In my experience the tool you use will largely be determined by which panel you are saving, what access you have to either side, and how well you and the tool work in harmony.
If you are facing the piece you wish to save, and the lower panel is essentially a throwaway, then simply use a drill bit the same size you would select for plug welds, and drill out the spot weld. When you place the new panel beneath and clamp it up, the hole you drilled in the top panel now serves as your plug weld hole.
If you are saving the lower panel, and throwing away the top, you can use whatever works best for you. There are many ways to accomplish the same thing, but if you are not proficient in using one method, try another. I think each method has it's faults, so pick the one that best suits the area you are working.
The holesaw type cutter typically cuts like any other holesaw does, and once the teeth start to cut a "channel", it is difficult to see how far along you are progressing. At the point the cutter reaches the second layer, which is where you would want to stop, if there were a bit of rust between the two panels and your cutter had enough speed, you would have a visual indicator in a wisp of "rust smoke" that is seen coming around the cutter. It is here that, even though some moderate speed is needed to produce this indicator, light pressure is also needed (better classified as "restraint") so that you don't go through too far and damage the second panel. In my case, I found myself going through too far, and would either need to repair the deep channel I just cut in the second layer, or would have to weld in a circle to repair the gaping hole I just left. Needless to say, I no longer use this method, and gave the cutters I did have to someone else that hopefully is having better luck with it than I did.
Some of the cutters have a spring loaded center punch, much like a machinists roto-bore. Even with an initial center punch used in the middle of the spot weld, These cutters have the misfortune of slipping off center, and many people will simply drill a 1/8" diameter hole, either partially or all the way thru, to prevent the cutter from walking about. I'll stop here and offer a generalized thought. If you have difficulty filling an 1/8" hole in a piece of sheet metal with your welder, you will likely have problems with the pilot drill method, and perhaps should try one of the other methods.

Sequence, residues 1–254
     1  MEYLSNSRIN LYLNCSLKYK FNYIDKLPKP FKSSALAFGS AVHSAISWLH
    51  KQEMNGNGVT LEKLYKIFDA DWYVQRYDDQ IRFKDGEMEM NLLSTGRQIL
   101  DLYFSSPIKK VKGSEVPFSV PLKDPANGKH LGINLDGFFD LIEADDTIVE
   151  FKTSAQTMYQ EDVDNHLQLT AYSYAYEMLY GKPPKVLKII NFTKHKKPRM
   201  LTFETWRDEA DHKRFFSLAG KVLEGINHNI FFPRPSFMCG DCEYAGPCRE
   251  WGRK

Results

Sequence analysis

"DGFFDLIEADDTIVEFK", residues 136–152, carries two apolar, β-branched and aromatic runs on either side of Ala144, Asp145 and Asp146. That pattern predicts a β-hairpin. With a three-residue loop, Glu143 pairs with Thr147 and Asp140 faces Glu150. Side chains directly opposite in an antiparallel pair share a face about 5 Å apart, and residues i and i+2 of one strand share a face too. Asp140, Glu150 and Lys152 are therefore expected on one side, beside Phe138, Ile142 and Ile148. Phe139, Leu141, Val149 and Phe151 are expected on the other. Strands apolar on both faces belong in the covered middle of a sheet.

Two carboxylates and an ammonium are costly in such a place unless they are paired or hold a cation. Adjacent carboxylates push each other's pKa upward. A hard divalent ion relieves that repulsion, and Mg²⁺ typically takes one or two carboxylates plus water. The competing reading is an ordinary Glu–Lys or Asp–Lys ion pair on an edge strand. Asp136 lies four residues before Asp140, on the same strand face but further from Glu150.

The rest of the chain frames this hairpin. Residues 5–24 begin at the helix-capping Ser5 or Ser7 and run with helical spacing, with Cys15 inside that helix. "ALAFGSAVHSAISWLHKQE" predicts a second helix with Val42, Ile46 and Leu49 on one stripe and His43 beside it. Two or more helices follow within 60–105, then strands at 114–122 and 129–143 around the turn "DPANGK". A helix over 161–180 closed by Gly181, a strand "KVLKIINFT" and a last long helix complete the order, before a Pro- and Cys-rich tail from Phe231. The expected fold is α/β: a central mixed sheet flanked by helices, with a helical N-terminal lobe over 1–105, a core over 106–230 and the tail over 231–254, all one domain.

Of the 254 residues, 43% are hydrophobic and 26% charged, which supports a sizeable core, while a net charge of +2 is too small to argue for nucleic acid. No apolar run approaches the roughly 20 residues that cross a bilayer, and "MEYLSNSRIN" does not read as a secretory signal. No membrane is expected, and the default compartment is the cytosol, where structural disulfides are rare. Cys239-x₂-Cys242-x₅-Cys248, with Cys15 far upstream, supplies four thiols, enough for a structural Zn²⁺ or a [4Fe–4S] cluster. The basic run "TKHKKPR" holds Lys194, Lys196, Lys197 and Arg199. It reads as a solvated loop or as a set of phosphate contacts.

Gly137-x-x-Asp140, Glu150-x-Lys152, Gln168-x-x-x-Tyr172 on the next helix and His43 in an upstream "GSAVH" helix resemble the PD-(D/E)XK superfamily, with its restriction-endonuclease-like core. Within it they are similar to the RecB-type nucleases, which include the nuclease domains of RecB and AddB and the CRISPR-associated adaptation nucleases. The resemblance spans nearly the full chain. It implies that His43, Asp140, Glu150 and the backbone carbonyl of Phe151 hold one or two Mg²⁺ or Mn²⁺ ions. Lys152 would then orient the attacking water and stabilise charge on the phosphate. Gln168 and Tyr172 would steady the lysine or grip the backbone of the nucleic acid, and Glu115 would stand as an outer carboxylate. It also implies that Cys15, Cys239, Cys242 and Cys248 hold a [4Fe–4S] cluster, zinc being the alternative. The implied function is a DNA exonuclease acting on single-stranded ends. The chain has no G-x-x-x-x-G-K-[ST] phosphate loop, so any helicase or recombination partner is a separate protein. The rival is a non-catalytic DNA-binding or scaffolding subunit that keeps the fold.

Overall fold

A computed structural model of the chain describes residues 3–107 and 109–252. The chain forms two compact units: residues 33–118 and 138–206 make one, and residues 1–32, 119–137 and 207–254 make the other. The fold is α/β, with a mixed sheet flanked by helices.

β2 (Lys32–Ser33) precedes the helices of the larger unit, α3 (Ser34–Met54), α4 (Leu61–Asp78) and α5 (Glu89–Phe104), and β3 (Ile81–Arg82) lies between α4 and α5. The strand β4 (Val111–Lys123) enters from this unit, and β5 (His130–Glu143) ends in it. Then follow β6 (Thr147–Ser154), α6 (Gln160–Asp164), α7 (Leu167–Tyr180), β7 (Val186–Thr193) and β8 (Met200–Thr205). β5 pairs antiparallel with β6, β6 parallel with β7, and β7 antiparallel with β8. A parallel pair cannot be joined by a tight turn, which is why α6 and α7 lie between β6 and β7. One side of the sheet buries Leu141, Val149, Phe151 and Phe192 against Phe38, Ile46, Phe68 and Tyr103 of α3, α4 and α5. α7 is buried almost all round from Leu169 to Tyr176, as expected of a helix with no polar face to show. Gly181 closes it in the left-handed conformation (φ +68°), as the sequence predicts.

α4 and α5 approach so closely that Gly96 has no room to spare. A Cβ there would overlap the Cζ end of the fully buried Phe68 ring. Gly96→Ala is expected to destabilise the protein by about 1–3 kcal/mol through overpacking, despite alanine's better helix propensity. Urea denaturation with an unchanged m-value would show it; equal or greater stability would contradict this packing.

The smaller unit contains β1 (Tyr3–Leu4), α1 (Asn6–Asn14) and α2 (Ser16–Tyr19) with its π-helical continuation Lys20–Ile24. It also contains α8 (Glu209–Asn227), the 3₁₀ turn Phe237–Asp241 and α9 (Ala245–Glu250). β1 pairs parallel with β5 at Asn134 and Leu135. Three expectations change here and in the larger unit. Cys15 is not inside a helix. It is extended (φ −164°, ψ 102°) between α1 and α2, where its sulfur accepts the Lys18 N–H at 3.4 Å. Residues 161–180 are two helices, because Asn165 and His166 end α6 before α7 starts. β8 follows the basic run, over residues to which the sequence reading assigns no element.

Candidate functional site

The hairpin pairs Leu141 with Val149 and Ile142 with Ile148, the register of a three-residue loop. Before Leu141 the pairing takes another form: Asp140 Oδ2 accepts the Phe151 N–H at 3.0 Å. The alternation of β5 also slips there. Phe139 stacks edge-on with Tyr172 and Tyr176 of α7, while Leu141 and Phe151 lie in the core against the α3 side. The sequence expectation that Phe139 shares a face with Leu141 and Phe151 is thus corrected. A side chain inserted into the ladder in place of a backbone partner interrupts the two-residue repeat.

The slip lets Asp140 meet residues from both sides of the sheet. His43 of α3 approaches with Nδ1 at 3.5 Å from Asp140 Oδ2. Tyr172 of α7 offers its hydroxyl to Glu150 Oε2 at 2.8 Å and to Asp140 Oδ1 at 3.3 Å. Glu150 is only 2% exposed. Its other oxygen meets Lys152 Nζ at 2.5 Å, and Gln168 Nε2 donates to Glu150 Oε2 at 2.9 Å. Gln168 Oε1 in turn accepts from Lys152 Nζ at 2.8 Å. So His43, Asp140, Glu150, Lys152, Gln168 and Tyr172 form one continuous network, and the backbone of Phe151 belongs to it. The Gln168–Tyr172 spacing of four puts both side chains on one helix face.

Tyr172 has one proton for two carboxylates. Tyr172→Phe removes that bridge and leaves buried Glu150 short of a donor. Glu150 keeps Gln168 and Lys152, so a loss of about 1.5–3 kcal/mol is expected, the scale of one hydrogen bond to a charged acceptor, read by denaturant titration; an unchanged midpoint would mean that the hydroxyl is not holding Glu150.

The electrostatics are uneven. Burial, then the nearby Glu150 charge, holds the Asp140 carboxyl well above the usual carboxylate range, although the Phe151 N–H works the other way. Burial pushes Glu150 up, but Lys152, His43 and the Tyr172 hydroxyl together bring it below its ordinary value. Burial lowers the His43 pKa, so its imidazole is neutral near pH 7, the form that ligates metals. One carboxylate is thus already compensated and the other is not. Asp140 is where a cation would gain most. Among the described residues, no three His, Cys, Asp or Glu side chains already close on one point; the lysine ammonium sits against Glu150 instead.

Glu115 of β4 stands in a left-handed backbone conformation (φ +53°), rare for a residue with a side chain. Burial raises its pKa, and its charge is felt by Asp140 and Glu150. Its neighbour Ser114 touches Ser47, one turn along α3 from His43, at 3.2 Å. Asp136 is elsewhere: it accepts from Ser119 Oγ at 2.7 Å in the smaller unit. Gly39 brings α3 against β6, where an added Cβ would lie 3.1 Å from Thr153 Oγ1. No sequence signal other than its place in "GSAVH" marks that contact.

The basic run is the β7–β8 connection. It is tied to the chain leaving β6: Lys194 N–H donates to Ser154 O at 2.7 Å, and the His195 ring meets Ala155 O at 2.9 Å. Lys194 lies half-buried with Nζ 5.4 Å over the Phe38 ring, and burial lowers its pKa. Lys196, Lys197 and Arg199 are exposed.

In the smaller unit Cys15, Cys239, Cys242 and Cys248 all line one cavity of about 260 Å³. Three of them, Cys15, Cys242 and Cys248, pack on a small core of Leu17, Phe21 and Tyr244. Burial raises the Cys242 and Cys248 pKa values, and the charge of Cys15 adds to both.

I think the Wivco cutters will work better than the hole saw type, in that they mimic an end mill, so the cutter is relatively flat on the bottom. This should give a less aggressive cut, a plus for people like me who may have a problem of leaning too hard on the cutter. The open flute design will also allow you to better see what is going on than the holesaw type, which obscures everything. It does use the pilot bit, so if that is not an issue (see above paragraph), then this is a good choice.
The blair cutter is available in either the spring loaded version or the pilot bit version, I think these are a more aggressive cut than the wivco, especially since the cutting surface is extremely narrow, so it may be more likely to pose the cut through problems I described initially.
A rounded burr grinder is also a good method which should somewhat limit the damage to the (throwaway) panel to just slightly larger than that of a spot weld cutter. The downside is that these also come with little tiny slivers of metal that are a pain when you get them in your skin, so it would be advantageous to address these with a vacuum cleaner/foxtail and dust pan on occasion to keep the issue at bay. A pair of work gloves come in handy as well. Keep some duct tape handy to pull out the slivers that sneak by.
The last method I'll discuss is the one that I use because I don't play nice with the holesaw type. I tend to inflict enough damage that I'll need to fix hole saw size holes through the save panel, or at least deep grooves. I use a 3" cutoff wheel with a 1/16" thick cutoff disc and use the tool to grind away the spot weld. I find for myself, it offers a less obstructed view of any of the methods listed, and with the proper speed (fast), will give you an indicator in the discoloration of the top layer (blue or darkened) usually before you have even broken into the second layer. Basically the metal is heating up and as it starts to get thin, it heats up more quickly and shows this via a color change to blue. The color change back to bright silver will indicate you have reached the second layer, and act as a guide where to not grind anymore (the bright area) and where to
grind, the blue/dark circle surround it. The disadvantages with this method, are the top panel is basically useless now, you will need good eye protection (more so than the holesaw type cutters), and due to the grinding particulate, will need to use a respirator/mask to prevent you from hocking up black globs shortly afterward. I usually get a 3M or equivalent paint respirator, as the typical dust masks only serve to fog up your safety glasses, and as is evident upon the removal of the dust mask, they don't work all that well. A paint style respirator exhales to the sides, away from your safety glasses, and typically conforms to your face much better.
Grind pattern visible:
Or better yet, the video instructional method....https://www.youtube.com/watch?v=nb49MgRPzvY&t=2s
That should give a brief view of both the good, the bad, the ugly with most of the methods, now it will be up to you to figure out which one works best for you and best for the situation at hand